Банкеръ Weekly

Briefs

Passions around Sofia Airport Go Haywire

Three and a half million passengers a year, 550 flights per week, or a total of 28,600 per year. This is the traffic statistics for the largest Bulgarian airport - Sofia. Competition is fierce and it is between three operators - the Swiss company Swissport holds about 30% of the Bulgarian market through its subsidiary company, the Greek Goldair Handling has about 20 percent also through its subsidiary here and has the leading share is still in the hands of the operator Sofia Airport JSC, with the fact that nobody handles the airplanes of Bulgaria Air which provides these services to it on its own. Fight in this situation is taking place for each customer, and the funds are used, sometimes on the verge of good business ethics.


Less than three months ago Swissport announced that it has filed a complaint with the Commission for Protection of Competition against their Greek competitors because of unfair trade and dumping pricing practices. The Swiss have complained against Sofia Airport JSC on suspicion of dominant market position of the Bulgarian operator. With some delay, due to the political situation in the country during the week representatives of Goldair Handling commented accusations made against them.


I'm surprised by the actions of Swissport both against us and against the Sofia Airport JSC. This just shows how nervous they are. This is weird because we work together also on the Greek and the Cypriot market, where competition is even bigger, but we have had no such problems there. They say that our prices are low, but who knows better than us what we can offer to your customers. If you want to become a millionaire from the airport with 3.5 million passengers this is just not going to happen, Dimitris Papamihail, CEO of Goldair Handling Bulgaria, said for the BANKER. He also explained that several times he has been invited to the Commission for Protection of Competition, where they presented and explained their tariffs and contracts with their customers, and pointed out they were optimistic about the final decision of the antimonopoly our body.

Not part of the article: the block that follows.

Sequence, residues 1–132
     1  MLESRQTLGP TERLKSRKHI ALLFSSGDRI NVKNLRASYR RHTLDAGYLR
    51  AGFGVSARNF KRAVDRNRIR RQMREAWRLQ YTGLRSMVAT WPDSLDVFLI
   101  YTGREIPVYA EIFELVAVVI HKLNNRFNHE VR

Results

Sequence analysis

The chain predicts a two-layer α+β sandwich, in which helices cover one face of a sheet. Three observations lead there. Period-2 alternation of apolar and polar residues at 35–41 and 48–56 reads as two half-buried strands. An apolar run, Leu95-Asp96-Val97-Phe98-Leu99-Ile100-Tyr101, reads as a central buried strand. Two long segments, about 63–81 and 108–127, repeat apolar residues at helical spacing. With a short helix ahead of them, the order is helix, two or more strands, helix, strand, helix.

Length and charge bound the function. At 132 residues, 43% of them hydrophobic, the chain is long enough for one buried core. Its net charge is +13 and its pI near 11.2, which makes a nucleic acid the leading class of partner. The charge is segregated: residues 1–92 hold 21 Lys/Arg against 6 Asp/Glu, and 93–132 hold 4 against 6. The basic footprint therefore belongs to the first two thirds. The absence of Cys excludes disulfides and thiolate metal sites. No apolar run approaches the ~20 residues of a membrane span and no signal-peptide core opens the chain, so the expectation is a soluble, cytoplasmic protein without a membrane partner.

Obviously, there's nothing for Swissport to worry about. Between November 2010 and when it entered the Bulgarian market until now, Goldair Handling Bulgaria has secured for itself the service of seven airlines. Among them, along with smaller players like Easyjet and Cyprus Airways, are Qatar Airways, Turkish Airlines and Aeroflot. At the same time, according to Papamihail, a few days ago Swissport has lost another key client - the largest low-cost carrier in Central and Eastern Europe - Wizz Air, who has preferred the service to Sofia Airport SAD. The positions of the Swiss company on the Bulgarian capital's airport are mainly due to their handling of Lufthansa. But this year several major airlines are expected to announce tenders for ground handling companies, since the contracts of Air France and Alitalia with Sofia Airport and the one of Lufthansa with Swissport are going to expire. This will surely cause additional stress.


Against this background, the hopes of Swissport that the Directorate General of the Civil Aviation Administration (CAA) will revoke the licence of Goldair Handling Bulgaria because of poor financial results seems more and more an illusion. It is true that to get a license for terrestrial operator a company must satisfy the condition of financial stability. And in the last three years the Greek company was in the red figures operating at a loss in: 2010 it amounted a loss of EUR500 thousand, in 2011 this came to 1.1 million, and in 2012 to about 400 thousand.


The negative financial result is quite normal when investing - says on this occasion Dimitris Papamihail. We've invested 5 million to buy equipment for ground servicing of aircraft and current investments in Bulgaria come to a total of 10 million. In Sofia we employ about 95 people and in Burgas - another 45 people. According to him, the company has a contract with Piraeus Bank and is no longer subsidized by its parent company.


The BANKER

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